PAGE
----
The old harbour area of the city is gorgeously colourful and exudes a certain vibrancy, it's home to many marine activities where you can take a boat out for whale watching and puffin tours. I loved the stillness of the harbour, which reflected the pink gradients of the sky perfectly - it felt almost surreal to have captured the moment. It was also hard to imagine that the harbour used to be bustling with activity! There are also rows of restaurants by the harbour which offers a good view whilst being in the warm indoors - we went into Höfnin which is located at Geirsgata 7, 101 Reykjavik, Iceland, and they serve a mean lobster soup. I wasn't a fan of the thick soup after a few sips, but the lobster was fresh and it was really unique. Some of us also tried reindeer balls (meatballs) and fish dishes.

8. Fiskmarkaðurinn
Located in the city downtown area of Aðalstræti, 101 Reykjavik, Iceland, we came to know of Fiskmarkaðurinn through visitor guides and subsequently made our way down for a special meal at this lavish restaurant one fine night. Loosely translated as 'fish market', the restaurant offered a repertoire of exotic Icelandic meat, ranging from puffin to whale to cod. Each dish was presented beautifully, and the service was great! Although it was a pretty lavish restaurant, it seemed really popular and we waited close to an hour for a table for 8. We were told that we were lucky to have been able to get a table without making reservations, so I'm guessing booking beforehand would have been a good move. I can't remember which dish is which, but we had appetizers to share like puffin, whale, beef,, our main courses were a good mix of monk fish, cod, bass, volcano maki, etc. They were all pretty decent, but our Singaporean taste buds had us concluding that puffin tastes like char siew and whale tastes like fishy beef.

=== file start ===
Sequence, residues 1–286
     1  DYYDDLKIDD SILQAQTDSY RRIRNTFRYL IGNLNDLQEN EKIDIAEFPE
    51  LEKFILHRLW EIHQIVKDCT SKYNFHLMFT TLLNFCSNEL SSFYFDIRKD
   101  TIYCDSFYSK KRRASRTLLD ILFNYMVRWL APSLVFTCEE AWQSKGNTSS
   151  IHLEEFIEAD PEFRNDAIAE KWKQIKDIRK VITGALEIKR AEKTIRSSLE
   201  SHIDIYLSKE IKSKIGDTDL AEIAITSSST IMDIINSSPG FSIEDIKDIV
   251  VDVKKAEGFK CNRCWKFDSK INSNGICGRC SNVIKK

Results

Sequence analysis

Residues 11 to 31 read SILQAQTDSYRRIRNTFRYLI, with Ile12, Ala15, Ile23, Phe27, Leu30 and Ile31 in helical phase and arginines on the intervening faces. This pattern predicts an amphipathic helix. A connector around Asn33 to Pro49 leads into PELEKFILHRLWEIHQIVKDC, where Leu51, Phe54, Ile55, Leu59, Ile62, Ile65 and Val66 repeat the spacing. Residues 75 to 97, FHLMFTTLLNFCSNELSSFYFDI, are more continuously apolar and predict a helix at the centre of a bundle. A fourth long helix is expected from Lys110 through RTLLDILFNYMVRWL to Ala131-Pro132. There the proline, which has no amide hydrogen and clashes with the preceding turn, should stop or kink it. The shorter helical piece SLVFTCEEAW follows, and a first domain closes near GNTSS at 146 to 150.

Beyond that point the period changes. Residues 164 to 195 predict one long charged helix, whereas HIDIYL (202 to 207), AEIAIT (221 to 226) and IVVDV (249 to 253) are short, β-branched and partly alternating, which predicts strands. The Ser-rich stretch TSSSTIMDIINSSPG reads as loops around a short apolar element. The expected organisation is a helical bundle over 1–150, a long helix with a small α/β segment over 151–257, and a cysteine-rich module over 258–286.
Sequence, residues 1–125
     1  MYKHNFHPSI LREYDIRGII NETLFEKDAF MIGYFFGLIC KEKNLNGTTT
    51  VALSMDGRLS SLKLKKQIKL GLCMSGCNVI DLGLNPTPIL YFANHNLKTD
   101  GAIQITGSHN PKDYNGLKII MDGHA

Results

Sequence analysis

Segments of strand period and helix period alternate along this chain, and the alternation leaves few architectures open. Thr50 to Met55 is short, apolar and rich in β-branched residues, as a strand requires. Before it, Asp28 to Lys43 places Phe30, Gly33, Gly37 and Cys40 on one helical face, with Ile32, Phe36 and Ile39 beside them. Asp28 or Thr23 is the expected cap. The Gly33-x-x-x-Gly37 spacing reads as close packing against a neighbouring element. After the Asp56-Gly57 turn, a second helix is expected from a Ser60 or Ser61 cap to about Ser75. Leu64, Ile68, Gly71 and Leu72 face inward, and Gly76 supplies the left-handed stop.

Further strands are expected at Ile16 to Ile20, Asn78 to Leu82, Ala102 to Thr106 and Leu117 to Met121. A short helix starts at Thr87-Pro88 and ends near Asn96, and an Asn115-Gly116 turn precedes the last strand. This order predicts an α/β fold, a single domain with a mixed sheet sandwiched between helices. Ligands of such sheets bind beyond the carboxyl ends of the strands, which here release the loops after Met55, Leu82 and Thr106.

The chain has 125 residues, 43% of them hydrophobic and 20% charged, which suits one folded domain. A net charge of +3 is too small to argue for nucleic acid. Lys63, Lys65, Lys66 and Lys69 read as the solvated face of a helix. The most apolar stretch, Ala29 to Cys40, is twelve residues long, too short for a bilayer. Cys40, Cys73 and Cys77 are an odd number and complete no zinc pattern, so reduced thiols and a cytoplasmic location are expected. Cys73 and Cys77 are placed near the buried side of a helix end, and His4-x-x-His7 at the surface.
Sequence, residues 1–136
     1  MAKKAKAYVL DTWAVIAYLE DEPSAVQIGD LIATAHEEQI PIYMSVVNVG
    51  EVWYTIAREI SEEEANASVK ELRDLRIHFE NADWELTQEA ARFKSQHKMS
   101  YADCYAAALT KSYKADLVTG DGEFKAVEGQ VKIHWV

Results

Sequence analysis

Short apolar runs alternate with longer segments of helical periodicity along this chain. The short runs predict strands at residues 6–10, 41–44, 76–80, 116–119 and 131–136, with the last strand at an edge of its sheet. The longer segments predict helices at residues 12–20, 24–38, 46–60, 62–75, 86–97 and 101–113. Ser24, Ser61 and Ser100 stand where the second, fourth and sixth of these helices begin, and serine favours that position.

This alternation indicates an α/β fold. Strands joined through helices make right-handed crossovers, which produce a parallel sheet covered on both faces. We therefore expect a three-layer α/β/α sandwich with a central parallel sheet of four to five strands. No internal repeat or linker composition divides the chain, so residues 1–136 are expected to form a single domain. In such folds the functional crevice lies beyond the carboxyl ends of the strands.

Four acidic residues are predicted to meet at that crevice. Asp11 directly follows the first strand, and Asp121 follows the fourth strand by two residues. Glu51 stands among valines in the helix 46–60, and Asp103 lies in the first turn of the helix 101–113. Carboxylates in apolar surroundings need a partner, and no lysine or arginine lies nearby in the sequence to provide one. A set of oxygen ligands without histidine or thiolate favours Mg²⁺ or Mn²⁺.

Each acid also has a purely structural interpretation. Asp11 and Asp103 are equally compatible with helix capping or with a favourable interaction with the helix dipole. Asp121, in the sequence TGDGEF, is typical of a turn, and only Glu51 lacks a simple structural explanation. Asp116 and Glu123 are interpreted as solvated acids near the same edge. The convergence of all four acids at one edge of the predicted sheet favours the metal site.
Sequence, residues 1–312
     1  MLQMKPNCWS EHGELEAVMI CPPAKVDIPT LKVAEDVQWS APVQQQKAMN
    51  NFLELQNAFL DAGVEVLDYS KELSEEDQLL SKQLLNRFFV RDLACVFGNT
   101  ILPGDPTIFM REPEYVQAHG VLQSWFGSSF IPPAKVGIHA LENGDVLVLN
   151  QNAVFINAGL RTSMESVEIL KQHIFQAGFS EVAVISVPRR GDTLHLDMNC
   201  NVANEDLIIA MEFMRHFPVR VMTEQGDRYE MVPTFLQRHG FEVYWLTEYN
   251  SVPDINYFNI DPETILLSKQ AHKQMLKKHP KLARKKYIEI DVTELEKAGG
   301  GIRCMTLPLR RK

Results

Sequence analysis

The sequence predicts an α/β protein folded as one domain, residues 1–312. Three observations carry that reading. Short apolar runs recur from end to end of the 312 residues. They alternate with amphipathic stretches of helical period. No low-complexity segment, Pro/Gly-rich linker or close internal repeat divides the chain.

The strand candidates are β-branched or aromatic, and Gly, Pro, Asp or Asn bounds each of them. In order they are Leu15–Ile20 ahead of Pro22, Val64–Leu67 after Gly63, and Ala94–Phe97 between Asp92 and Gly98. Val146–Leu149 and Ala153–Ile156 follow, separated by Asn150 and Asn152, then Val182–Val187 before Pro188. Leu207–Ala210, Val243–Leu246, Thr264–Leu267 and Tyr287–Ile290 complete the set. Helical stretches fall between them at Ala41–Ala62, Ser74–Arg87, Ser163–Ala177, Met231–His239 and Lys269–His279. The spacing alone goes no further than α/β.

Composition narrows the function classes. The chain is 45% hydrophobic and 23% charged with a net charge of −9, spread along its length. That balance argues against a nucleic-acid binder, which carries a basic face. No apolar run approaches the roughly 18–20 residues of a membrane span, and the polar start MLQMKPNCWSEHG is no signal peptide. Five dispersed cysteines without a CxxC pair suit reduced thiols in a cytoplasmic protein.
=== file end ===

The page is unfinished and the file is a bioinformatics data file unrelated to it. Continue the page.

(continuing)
Before long, it was time to head back to London - good bye Iceland, you're been an amazingly beautiful country and I hope to be back soon in summer for your wondrous surprises.